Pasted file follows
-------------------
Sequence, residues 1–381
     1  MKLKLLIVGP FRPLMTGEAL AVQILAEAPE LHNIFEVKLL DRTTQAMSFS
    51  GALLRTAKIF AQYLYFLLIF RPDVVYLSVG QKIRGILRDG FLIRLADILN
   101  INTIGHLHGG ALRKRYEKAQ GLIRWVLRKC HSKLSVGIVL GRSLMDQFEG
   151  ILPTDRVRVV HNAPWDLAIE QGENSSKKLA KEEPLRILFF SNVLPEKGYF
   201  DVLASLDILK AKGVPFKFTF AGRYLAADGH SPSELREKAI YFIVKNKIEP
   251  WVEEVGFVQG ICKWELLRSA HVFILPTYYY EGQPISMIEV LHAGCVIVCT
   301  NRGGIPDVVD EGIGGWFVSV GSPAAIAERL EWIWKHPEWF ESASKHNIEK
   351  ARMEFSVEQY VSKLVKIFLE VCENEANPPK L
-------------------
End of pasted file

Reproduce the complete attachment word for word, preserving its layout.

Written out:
Sequence, residues 1–381
     1  MKLKLLIVGP FRPLMTGEAL AVQILAEAPE LHNIFEVKLL DRTTQAMSFS
    51  GALLRTAKIF AQYLYFLLIF RPDVVYLSVG QKIRGILRDG FLIRLADILN
   101  INTIGHLHGG ALRKRYEKAQ GLIRWVLRKC HSKLSVGIVL GRSLMDQFEG
   151  ILPTDRVRVV HNAPWDLAIE QGENSSKKLA KEEPLRILFF SNVLPEKGYF
   201  DVLASLDILK AKGVPFKFTF AGRYLAADGH SPSELREKAI YFIVKNKIEP
   251  WVEEVGFVQG ICKWELLRSA HVFILPTYYY EGQPISMIEV LHAGCVIVCT
   301  NRGGIPDVVD EGIGGWFVSV GSPAAIAERL EWIWKHPEWF ESASKHNIEK
   351  ARMEFSVEQY VSKLVKIFLE VCENEANPPK L